In Like a Line
I can't really figure out if March has come in like a lion or a lamb this year. On St. David's Day, it was beautiful and sunny and not too cold. Yesterday, great sloppy ice-blobs fell out of the sky and coated the trees which tried valiantly not to bow. Today it was about 50 degrees until my drive home from work, at which point it snowed a little bit. I'm confused. I think March is confused. If it starts off with multiple personalities, does it stay that way until April?
Furthermore, Saturdays seem to be thrown into the Starbucks week to test my Lenten resolve. Maybe because it was so warm, everyone came out of the woodwork and ended up in our store. In the six hours I worked today, we had a line out the door which really only lulled about three times, for less than twenty minutes each. I felt pretty much overwhelmed all day.
There is an upside to this, though. It seems to me that in the battle between good and evil, if you get blatantly confronted by the thing you're trying to combat, it's easier to triumph, because there it is, right in your face. Today I could say to myself, "Wow. This rush is not ending. Clearly, I am going to get annoyed. I had better be extra vigilant not to say anything cutting and nasty about anybody." (It may also have helped that there was no time to do this.)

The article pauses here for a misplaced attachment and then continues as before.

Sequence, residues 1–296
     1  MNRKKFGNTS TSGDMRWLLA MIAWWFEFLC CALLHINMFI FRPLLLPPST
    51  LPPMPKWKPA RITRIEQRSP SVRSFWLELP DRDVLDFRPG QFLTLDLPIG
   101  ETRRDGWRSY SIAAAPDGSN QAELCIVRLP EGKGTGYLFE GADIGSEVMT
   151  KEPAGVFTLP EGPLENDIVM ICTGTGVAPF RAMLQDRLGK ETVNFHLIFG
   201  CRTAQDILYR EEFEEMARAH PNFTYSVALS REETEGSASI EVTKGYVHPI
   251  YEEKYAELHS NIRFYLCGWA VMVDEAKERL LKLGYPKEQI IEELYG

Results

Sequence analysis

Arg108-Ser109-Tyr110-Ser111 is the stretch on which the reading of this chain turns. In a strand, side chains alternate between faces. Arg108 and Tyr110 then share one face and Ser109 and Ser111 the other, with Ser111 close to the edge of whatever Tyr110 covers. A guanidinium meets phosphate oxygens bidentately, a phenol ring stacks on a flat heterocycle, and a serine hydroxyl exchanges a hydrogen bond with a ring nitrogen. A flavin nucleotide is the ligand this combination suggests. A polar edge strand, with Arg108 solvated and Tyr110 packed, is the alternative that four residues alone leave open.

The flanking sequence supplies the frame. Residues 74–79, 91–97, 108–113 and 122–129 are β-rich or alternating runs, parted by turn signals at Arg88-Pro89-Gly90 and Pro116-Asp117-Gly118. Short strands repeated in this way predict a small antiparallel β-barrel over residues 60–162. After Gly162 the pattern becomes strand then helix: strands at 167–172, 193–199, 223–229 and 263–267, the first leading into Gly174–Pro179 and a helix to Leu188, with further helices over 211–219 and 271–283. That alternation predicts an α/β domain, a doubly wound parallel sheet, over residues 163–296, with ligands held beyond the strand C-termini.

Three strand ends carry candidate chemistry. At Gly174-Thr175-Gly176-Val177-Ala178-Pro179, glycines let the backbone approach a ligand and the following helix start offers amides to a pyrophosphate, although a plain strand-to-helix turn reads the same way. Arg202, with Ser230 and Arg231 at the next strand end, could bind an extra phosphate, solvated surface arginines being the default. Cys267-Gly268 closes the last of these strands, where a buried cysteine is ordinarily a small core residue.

Also, that aspect of the ordeal was probably rendered easier by the fact that, with that many people, customers cease to be individuals, and become The Line, a living entity separate from the sum of its parts. When there's a Line like the one we had today, there's almost a sense of solidarity between baristas and customers, because nobody likes The Line. Everybody just wants it to go away. Customers don't want to be in it. Baristas want to be able to refill the stacks of cups and lids and bins of ice and fridges of milk, but they can't, because there is The Line, staring at them, daring them to move from their posts. On the other hand, they can't fulfill The Line's demands if they can't run off and get any of those things.
This Line was a sassy, teasing kind of thing, because for hours it would keep dwindling down enough so that we could see the end of it approaching the register. Then, just before we annihilated it, just before we could refill the shockingly barren pastry case, or empty the astonishingly replete trash at the condiment bar, five more people would walk in, and there--The Line! It would almost have been more bearable if it had stayed level at the door the entire time.
I left in the early evening, saying sincere prayers for a reprieve for my colleagues, and feeling relieved to have escaped The Line without being mean.